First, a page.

Types of Senior Living
Senior living communities offer many levels of care to provide just the right care for every resident, no matter what their level of activity, health, cognitive ability, or needs. Here’s more about each specific level of care:
Home Care vs. Senior Living Communities
Home care, also called “aging in-place”, relies on caregivers (certified medical professionals) coming to someone’s home regularly (often daily) to provide in-home care, including help with ADLs and IADLs. This allows seniors to stay in their own home and community rather than uprooting and moving into a senior living community. But, it’s also a more expensive option, and it’s not the best choice for people with certain health or cognitive issues or levels of need.
Senior living communities are purpose-built, staffed, and managed to offer many types of lifestyles and appropriate care for residents. Types of senior living communities include CCRCs, independent living, assisted living, memory care, nursing homes, short-term respite and retreats, and others.
Continuous Care Retirement Communities (CCRCs)
These senior living communities are designed to include the full range of care and lifestyles in a single campus or property. That means residents can remain at a single community as they continue to age, moving from independent living to assisted living and on to memory care and other specialized forms of care, as needed.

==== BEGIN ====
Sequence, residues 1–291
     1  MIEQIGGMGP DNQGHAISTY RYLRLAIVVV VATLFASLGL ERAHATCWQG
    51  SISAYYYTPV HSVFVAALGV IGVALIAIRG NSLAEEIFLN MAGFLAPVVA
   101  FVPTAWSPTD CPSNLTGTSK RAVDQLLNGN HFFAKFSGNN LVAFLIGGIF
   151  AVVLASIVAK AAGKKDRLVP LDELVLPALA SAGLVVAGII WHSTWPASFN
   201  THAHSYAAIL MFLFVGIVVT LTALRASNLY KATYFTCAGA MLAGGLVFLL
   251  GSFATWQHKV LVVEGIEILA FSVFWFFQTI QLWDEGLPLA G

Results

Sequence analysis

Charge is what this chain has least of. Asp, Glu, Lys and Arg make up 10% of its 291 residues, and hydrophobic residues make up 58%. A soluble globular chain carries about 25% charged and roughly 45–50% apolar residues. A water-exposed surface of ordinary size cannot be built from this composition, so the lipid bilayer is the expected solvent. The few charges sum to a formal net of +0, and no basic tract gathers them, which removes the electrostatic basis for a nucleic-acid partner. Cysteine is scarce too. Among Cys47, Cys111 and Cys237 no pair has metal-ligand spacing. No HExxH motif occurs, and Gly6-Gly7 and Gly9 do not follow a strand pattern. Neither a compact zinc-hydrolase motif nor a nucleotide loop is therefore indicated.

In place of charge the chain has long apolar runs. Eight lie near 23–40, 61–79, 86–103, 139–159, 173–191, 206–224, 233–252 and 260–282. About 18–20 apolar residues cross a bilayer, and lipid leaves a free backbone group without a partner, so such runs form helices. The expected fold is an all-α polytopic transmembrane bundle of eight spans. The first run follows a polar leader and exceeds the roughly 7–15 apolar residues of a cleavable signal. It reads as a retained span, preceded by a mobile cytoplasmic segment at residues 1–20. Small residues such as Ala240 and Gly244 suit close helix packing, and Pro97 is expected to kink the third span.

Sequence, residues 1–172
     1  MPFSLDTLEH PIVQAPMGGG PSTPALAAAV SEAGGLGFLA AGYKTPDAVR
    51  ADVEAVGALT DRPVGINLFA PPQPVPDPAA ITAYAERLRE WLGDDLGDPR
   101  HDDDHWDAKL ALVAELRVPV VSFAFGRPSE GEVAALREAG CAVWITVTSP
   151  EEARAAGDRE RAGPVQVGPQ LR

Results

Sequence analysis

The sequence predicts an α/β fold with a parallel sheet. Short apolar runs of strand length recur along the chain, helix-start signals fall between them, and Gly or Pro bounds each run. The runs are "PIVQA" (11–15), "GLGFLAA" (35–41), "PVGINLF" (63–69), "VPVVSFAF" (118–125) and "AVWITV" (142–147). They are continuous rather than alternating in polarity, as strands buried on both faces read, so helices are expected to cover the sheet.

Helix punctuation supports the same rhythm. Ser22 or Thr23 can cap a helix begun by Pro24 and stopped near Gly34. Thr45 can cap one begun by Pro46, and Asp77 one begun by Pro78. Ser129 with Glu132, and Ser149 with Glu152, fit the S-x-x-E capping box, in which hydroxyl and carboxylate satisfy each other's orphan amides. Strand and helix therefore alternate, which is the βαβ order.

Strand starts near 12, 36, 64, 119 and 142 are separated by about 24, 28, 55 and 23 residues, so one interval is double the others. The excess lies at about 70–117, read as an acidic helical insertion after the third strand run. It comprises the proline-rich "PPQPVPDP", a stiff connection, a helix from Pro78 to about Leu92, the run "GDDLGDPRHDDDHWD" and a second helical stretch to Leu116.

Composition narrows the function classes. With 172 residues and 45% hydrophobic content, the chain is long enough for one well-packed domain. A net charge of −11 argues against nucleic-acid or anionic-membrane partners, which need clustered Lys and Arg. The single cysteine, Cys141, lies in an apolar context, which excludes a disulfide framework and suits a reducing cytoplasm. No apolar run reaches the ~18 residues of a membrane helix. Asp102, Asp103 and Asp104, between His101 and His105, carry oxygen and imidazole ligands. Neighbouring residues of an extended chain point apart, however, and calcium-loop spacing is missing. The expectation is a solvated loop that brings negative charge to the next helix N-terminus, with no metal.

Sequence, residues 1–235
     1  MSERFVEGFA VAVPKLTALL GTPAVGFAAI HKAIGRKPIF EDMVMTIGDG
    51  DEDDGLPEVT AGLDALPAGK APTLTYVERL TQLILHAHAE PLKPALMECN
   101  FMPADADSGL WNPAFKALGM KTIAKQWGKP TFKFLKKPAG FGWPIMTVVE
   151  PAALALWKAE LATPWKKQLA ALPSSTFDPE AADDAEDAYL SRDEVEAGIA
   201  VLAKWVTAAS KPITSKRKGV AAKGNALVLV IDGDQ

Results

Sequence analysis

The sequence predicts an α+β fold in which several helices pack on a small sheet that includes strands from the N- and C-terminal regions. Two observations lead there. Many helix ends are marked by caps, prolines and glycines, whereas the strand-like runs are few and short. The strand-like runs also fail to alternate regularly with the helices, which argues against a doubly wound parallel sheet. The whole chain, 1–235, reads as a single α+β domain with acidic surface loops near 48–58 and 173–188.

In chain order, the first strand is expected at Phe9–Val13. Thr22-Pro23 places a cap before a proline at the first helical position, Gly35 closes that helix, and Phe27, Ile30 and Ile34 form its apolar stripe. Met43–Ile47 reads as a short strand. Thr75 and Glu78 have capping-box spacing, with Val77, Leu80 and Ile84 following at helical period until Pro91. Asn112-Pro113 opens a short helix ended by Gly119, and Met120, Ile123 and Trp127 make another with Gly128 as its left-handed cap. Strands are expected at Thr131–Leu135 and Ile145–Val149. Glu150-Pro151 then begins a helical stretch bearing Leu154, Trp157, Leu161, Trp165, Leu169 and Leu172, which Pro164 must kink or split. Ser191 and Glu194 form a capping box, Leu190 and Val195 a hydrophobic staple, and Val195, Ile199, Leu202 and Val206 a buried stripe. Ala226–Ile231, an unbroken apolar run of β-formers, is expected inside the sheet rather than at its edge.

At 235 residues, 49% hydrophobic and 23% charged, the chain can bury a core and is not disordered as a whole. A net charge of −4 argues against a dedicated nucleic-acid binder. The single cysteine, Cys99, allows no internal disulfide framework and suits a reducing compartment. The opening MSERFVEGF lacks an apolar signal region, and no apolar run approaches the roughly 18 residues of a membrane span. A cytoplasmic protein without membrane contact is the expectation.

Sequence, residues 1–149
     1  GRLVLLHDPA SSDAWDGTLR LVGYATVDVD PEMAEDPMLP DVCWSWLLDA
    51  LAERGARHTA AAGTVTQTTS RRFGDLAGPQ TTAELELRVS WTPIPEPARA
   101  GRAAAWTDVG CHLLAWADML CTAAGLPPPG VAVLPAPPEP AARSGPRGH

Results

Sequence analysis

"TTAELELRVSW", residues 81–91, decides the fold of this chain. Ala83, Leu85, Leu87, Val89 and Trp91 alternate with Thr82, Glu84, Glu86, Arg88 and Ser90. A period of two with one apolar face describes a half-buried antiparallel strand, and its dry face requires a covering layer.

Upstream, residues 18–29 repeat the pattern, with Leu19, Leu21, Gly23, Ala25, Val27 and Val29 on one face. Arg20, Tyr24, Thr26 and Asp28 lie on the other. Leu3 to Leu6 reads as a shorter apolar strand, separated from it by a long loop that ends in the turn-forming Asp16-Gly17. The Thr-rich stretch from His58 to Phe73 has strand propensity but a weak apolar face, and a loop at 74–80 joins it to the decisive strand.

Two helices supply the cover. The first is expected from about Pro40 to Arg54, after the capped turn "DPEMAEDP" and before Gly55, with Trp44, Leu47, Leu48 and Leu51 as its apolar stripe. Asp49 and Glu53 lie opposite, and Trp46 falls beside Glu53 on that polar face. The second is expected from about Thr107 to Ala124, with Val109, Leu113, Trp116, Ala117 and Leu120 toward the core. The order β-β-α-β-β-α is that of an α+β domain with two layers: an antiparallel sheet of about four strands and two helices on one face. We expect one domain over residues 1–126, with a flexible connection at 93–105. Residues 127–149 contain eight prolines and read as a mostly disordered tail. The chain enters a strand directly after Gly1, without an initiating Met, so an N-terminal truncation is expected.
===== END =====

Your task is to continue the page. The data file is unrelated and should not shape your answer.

Independent living communities offer apartment or condo-style housing for residents of a certain age. These communities give residents the independence of living on their own, coming and going as they please. They also get the benefit of living in a social community with shared amenities and regular activities. Should it be needed, some or most levels of health care services are often available on-site.
Assisted living communities combine the independence of apartment-style housing with full-service, on-site care for residents who need help with ADLs and IADLs each day. Assisted living communities provide organized social activities, community dining, and a full range of engaging activities and programs both on and off-site.
Memory care communities are designed and managed for the unique needs of residents suffering from various stages of dementia, including Alzheimer’s. These residents often require extensive daily assistance or even full-time, live-in care from highly trained, certified caregivers. Appropriate health care services will also be provided on-site.
These communities, also known as “respite care” or “adult day care” programs, offer temporary housing in a short-term community. Residents will generally stay between a week and a month, depending on their needs. These programs are usually provided for seniors who are recovering from an illness or injury, but residents also use them to get a taste of the senior living community lifestyle, and they may choose to move in long-term after their short-term stay.
Nursing Homes & Long-Term Care
Also known as “skilled nursing facilities (SNF)” or “convalescent care”, long-term care communities serve residents who need full-time (24-hour) care from a skilled nursing staff. This usually involves residents who have complex medical conditions or high levels of care needs. These communities meet accreditation standards set by the federal government to qualify for Medicare and Medicaid reimbursement for skilled nursing care.